Vijayanagar's Kingdom (1336 -1565) 1336 Foundation of kingdom 1404 Death of Harihar II 1486 End of Sangama Dynasty 1509 Succession of Krishnadeva Raya 1512 Krishnadeva Raya defeats Sultan of Bijapur 1529 Death of Krishnadeva Raya 1565 Vijayanagar's Kingdom comes to an end Foundation of the Kingdom
When Muhammad Tughlaq was losing his power in Deccan, the two Hindu princes, Harihar and Bukka founded an independent kingdom in the region between the river Krishna and Tungabhadra in 1336 in order to check the progress of Islam in the south. Harihar and Bukka were sons of Sangama, one of the chiefs at the court of the Hoysala ruler. Both the brothers founded their capital at Vijayanagar on the south bank of the Tungabhadra and the kingdom was known as the Kingdom of Vijayanagar.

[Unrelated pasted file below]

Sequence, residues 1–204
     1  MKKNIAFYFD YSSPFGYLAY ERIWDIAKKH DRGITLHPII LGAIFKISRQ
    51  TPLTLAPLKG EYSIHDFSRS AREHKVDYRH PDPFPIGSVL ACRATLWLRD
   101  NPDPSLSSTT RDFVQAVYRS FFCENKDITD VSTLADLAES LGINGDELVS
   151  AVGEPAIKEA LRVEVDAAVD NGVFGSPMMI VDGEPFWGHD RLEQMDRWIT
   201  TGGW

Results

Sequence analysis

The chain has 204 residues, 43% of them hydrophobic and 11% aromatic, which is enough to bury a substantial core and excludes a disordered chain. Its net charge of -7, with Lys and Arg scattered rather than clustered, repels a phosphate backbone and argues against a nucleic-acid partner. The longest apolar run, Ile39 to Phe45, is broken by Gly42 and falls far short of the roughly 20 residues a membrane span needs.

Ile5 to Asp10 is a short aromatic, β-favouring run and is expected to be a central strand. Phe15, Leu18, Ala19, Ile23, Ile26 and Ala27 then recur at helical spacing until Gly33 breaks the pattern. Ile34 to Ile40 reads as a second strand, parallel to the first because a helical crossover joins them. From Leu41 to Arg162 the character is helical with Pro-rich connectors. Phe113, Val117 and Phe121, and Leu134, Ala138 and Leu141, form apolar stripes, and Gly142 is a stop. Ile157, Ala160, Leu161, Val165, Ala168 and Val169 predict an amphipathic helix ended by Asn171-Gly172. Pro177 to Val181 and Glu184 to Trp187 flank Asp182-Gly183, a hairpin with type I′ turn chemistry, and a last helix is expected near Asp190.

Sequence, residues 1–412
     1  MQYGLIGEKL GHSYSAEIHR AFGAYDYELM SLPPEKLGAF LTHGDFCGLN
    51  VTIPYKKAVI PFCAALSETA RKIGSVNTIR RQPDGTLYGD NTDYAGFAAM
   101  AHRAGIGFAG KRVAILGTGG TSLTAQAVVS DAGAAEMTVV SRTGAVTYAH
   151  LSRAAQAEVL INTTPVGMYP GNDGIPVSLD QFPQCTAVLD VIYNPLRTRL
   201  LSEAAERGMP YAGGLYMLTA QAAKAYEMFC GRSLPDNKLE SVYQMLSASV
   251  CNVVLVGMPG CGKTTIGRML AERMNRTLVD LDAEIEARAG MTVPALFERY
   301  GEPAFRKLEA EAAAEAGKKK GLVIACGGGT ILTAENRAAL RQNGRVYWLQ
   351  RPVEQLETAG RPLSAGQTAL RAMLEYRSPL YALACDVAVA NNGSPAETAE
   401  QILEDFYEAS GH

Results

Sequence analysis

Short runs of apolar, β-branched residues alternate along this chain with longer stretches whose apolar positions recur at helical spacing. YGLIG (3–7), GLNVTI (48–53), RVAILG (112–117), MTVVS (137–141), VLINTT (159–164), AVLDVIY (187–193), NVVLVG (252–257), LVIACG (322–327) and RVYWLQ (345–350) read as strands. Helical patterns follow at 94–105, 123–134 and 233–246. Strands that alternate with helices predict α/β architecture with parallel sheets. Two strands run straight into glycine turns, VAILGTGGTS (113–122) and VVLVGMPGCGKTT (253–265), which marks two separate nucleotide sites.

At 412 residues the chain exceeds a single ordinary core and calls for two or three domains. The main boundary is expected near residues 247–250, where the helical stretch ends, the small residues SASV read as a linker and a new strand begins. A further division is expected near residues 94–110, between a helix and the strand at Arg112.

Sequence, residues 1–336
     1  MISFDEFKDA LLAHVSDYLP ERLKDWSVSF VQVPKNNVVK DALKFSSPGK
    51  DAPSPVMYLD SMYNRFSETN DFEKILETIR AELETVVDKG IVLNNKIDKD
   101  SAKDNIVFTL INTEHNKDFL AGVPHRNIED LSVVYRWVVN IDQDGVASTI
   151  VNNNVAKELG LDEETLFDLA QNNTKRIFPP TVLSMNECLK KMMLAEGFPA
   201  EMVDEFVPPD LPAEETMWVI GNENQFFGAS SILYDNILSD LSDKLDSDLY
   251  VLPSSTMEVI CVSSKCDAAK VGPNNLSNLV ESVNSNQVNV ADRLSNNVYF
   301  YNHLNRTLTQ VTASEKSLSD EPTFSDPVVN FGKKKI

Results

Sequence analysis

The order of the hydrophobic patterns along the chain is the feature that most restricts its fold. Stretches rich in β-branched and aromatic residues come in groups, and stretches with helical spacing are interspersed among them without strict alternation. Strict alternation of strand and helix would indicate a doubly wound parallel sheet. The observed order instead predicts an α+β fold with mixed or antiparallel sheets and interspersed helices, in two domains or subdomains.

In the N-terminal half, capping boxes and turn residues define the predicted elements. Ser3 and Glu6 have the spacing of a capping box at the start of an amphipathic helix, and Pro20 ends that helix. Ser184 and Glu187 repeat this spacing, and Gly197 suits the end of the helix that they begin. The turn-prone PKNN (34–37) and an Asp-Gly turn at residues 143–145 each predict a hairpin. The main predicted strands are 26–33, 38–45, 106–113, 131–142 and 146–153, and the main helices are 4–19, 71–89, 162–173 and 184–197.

Harihar became the first ruler of the kingdom. After his death, his brother Bukka succeeded. Bukka was an able ruler and brought under his control nearly the entire Hoysala territory. He died in 1379 and was succeeded by his son Harihar II.
Harihar II was given the title of Maharajadhiraja. During his reign, the whole of Southern Deccan came under the authority of Vijayanagar. This also included present Karnataka, Tamil Nadu and Kerala states. But there was continuous conflict with the Bahamanis and so he was not able to extend their boundaries beyond the Krishna river. Harihar II died in 1404. The dynasty founded by these two brothers were known as Sangama dynasty. The dynasty ruled for about 150 years till 1486, when one of their chiefs Narasimha Saluva deposed the last ruler of Sangama dynasty and seized the throne.